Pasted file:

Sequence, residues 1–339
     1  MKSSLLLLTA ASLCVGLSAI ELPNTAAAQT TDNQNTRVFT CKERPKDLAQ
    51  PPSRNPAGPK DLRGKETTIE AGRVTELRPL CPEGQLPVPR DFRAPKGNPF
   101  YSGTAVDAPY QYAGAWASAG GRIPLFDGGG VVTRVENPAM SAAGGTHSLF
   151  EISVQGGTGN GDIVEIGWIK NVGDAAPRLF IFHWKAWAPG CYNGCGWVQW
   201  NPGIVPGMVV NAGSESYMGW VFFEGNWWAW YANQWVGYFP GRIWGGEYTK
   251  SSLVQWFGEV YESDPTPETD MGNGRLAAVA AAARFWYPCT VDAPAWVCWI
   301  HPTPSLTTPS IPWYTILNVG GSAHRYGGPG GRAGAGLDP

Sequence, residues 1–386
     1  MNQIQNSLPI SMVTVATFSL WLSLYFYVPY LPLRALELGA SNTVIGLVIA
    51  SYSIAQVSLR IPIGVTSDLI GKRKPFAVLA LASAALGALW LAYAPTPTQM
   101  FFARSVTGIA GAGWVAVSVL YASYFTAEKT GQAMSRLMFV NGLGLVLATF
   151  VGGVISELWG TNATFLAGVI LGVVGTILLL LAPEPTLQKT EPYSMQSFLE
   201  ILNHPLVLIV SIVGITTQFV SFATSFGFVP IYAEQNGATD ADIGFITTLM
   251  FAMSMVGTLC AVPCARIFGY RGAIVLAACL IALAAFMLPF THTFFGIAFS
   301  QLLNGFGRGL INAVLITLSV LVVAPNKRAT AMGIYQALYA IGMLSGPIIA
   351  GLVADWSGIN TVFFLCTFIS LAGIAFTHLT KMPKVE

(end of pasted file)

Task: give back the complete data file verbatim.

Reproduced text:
Sequence, residues 1–339
     1  MKSSLLLLTA ASLCVGLSAI ELPNTAAAQT TDNQNTRVFT CKERPKDLAQ
    51  PPSRNPAGPK DLRGKETTIE AGRVTELRPL CPEGQLPVPR DFRAPKGNPF
   101  YSGTAVDAPY QYAGAWASAG GRIPLFDGGG VVTRVENPAM SAAGGTHSLF
   151  EISVQGGTGN GDIVEIGWIK NVGDAAPRLF IFHWKAWAPG CYNGCGWVQW
   201  NPGIVPGMVV NAGSESYMGW VFFEGNWWAW YANQWVGYFP GRIWGGEYTK
   251  SSLVQWFGEV YESDPTPETD MGNGRLAAVA AAARFWYPCT VDAPAWVCWI
   301  HPTPSLTTPS IPWYTILNVG GSAHRYGGPG GRAGAGLDP

Sequence, residues 1–386
     1  MNQIQNSLPI SMVTVATFSL WLSLYFYVPY LPLRALELGA SNTVIGLVIA
    51  SYSIAQVSLR IPIGVTSDLI GKRKPFAVLA LASAALGALW LAYAPTPTQM
   101  FFARSVTGIA GAGWVAVSVL YASYFTAEKT GQAMSRLMFV NGLGLVLATF
   151  VGGVISELWG TNATFLAGVI LGVVGTILLL LAPEPTLQKT EPYSMQSFLE
   201  ILNHPLVLIV SIVGITTQFV SFATSFGFVP IYAEQNGATD ADIGFITTLM
   251  FAMSMVGTLC AVPCARIFGY RGAIVLAACL IALAAFMLPF THTFFGIAFS
   301  QLLNGFGRGL INAVLITLSV LVVAPNKRAT AMGIYQALYA IGMLSGPIIA
   351  GLVADWSGIN TVFFLCTFIS LAGIAFTHLT KMPKVE